Michael Credico ~ Cataclysm

I am in a state of dis­ap­pear­ance, back inside Ohio. I drove all night. The car stalled before I could ram it through the perime­ter fence. The Great Lakes have been cor­doned off. The last of the world’s drink­able water. I can­not see it through the dark, but I can smell it: fishgut, bleach, and exhaust. I have hon­ey­comb welts from press­ing against the perime­ter fence, a bruise on my arm swirling and expand­ing, and a baby in the pas­sen­ger seat I think is a boy but is not my boy.

 

I locked myself inside a hos­pi­tal room. I was think­ing about you. The baby was in the room with me. I won­dered if it was yours by anoth­er man, if you would come look­ing for us if I took it. I stabbed a syringe into my arm to show the baby I was harm­less. I am a doc­tor, I said. An emer­gency.

 

Sometimes the baby’s eyes would light up and it was all that was keep­ing us on the road at night. I was try­ing not to blink. But then I blinked. I blink. I am a man who blinks and it dis­gusts me.

 

If I climb the perime­ter fence, they will shoot me. I lis­ten for heli­copters. I watch for search­lights. I check the pas­sen­ger seat for the baby but the baby is gone. The baby is gone.

 

We had been evac­u­at­ed from Ohio and sent West toward the drought where we were dis­pensed like every­one else into con­vert­ed strip malls, trail­ers, and man­u­fac­tured homes. I told you I would rather live in the car, pack the water rations, and go. You said you were preg­nant. I won­dered how that was an answer to any­thing. Then I saw the three of us on the road to any­where the hell else. That is when the baby was lost.

 

The last time I saw you I was the dog. I bit into your Keds. I need­ed you to say some­thing. This after I had killed the neigh­bors’ kids’ dog by acci­dent with the car. I want­ed to make it up to them.

 

I do not believe every­body wants the same thing, that life is about sus­te­nance, that all we want for ours is sus­te­nance. If I could drink or if you could or both the babies, what then? The end began with a drink: the chil­dren poi­soned by city taps, bod­ies drowned in the rivers, washed up on the riv­er banks to be found by the chil­dren.

 

I held the dog like the babies when you said:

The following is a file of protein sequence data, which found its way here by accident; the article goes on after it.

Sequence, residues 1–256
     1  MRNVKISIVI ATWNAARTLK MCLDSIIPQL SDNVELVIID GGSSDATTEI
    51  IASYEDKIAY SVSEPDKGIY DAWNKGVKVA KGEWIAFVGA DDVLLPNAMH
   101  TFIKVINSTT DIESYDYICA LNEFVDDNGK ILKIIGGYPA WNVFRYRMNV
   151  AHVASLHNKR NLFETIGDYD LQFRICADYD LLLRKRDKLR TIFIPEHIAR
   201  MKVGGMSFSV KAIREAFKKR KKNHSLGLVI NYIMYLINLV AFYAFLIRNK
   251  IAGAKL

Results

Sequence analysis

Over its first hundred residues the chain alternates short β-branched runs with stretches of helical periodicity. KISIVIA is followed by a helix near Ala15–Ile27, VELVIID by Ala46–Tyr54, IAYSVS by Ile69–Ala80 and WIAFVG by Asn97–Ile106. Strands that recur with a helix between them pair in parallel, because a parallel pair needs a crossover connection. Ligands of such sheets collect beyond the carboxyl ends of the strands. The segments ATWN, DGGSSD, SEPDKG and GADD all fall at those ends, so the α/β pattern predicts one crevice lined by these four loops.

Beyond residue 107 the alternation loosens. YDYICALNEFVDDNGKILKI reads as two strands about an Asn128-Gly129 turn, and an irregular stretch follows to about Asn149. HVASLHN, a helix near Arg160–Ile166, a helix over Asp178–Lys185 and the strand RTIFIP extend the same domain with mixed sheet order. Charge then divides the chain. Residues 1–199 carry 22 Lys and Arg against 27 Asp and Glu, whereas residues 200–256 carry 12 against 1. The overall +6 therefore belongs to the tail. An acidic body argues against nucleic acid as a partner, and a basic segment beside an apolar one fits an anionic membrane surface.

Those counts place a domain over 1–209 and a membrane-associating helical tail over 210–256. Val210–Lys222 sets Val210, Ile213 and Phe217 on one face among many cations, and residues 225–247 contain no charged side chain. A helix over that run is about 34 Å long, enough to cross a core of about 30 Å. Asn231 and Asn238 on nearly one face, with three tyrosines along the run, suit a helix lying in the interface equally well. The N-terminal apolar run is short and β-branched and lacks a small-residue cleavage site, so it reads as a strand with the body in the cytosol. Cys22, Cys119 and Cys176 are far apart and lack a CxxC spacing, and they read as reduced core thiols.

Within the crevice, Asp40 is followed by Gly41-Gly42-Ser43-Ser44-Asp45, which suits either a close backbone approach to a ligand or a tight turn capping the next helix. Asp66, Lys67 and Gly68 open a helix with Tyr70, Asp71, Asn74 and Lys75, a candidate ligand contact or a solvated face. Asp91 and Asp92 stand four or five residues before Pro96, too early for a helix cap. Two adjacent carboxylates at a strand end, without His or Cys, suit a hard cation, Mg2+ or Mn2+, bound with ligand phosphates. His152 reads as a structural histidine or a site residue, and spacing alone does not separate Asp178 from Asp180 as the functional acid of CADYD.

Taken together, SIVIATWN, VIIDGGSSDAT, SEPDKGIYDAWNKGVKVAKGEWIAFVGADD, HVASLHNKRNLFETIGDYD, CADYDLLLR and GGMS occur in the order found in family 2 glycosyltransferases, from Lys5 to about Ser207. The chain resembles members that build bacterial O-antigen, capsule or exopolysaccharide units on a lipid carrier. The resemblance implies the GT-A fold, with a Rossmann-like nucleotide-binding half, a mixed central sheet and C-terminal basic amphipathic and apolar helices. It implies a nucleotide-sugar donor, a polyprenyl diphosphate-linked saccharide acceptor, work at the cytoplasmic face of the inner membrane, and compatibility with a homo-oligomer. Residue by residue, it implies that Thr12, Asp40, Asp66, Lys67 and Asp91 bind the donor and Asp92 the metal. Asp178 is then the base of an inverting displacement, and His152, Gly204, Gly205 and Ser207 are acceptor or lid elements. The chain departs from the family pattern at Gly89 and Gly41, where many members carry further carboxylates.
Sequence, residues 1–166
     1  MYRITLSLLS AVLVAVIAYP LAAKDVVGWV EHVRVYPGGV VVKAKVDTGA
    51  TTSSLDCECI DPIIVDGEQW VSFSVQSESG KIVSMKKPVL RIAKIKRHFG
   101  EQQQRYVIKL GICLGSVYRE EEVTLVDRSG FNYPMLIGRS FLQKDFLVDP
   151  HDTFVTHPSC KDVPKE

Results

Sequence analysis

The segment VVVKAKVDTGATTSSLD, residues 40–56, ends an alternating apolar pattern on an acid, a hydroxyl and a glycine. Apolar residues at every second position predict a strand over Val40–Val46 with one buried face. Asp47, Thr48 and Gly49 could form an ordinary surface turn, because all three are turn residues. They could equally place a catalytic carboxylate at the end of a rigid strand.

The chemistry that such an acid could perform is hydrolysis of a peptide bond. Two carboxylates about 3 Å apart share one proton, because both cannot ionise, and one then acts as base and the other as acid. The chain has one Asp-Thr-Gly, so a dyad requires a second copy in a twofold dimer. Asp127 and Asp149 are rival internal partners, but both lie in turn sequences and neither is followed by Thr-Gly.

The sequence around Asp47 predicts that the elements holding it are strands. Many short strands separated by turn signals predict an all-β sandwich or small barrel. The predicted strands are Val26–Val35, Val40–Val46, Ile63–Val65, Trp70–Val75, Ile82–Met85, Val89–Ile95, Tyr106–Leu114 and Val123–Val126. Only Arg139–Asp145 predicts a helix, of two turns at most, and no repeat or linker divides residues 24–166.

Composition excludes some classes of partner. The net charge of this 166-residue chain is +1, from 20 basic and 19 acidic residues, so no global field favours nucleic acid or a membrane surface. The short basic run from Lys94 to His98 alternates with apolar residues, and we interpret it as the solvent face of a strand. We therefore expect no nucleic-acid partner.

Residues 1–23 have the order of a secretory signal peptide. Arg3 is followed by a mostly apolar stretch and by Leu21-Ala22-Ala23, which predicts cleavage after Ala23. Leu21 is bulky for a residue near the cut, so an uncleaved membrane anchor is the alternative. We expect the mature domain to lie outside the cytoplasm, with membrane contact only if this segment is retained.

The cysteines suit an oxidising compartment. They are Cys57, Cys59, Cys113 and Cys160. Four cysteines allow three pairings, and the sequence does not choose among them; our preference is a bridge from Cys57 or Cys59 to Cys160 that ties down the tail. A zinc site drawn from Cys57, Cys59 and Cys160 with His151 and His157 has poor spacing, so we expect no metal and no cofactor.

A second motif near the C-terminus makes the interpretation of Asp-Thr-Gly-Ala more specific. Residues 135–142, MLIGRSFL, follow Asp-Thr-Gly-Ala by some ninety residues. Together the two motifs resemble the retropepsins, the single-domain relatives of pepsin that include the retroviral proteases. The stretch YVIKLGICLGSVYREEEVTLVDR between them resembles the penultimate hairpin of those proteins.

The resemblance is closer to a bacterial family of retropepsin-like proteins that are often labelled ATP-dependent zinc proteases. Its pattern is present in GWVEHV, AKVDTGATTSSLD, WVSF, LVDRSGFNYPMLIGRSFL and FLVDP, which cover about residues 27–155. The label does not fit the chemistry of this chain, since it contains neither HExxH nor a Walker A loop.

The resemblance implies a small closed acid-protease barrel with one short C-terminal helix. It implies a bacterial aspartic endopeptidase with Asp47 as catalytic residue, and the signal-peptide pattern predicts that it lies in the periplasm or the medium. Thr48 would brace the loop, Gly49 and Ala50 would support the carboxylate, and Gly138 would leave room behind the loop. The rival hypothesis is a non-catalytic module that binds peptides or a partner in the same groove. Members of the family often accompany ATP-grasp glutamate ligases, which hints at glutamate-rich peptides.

Later, I fell to all fours.

 

I found a bird on the side­walk with an explod­ed stom­ach. I asked who shot it down. They said it was some­thing in the water. But what water?

 

I was hav­ing dreams. A deer stand­ing over me. I was shot in the stom­ach. The dirt blood-wet. I lay next to a bear that ear­li­er I had shot down from a tree.

What the hell is a bear doing in Ohio? The deer said.

I shot it because it was here. Is that why you shot me?

I didn’t shoot you. Are you sure it was me?

The deer was hold­ing my gun, wear­ing a buf­fa­lo coat and a wool-lined flan­nel cap.

The bear stood up.

I thought you were dead, I said.

I am dead, the bear said, glum­ly. And you are dead. And you are dead. And you are dead. And you are dead.

 

There is one of us left and they know it. The heli­copters are over­head. I feel the rotors in my chest. The car radio switch­es on. The sta­t­ic is over­whelm­ing. The dial turns on its own until the sta­t­ic is gone. I breathe in. The sta­tion breathes out. Bright hot light shines through the fogged win­dows. It is like this all night.

 

When I found the baby inside the hos­pi­tal room I spoke out loud every name on our list of names. The baby respond­ed to none of them. The baby was at an open win­dow. I asked it if was going to jump.

Yes. I am going to jump, the baby said.

I grabbed the baby. I told the baby the world is still turn­ing. The baby agreed, told me it could feel the world turn­ing and spit up all over me.

 

I step on a bul­let cas­ing. A seag­ull caws from the remains of a col­lapsed pier. I am thirsty. The water is reach­ing for my throat. I scan the hori­zon for any sign of swim­mers, ves­sels, the babies, you. Do you remem­ber how the sound of a foghorn felt in your stom­ach? Or a loud­speak­er telling you go home? Do you know where you are?

~

Michael Credico is the author of Heartland Calamitous (Autumn House Press, 2020). His fic­tion has appeared in Black Warrior Review, Denver Quarterly, DIAGRAM, Hobart, New Ohio Review, NOÖ Journal, Puerto del Sol, Quarterly West, and oth­ers. He lives in Cleveland, Ohio.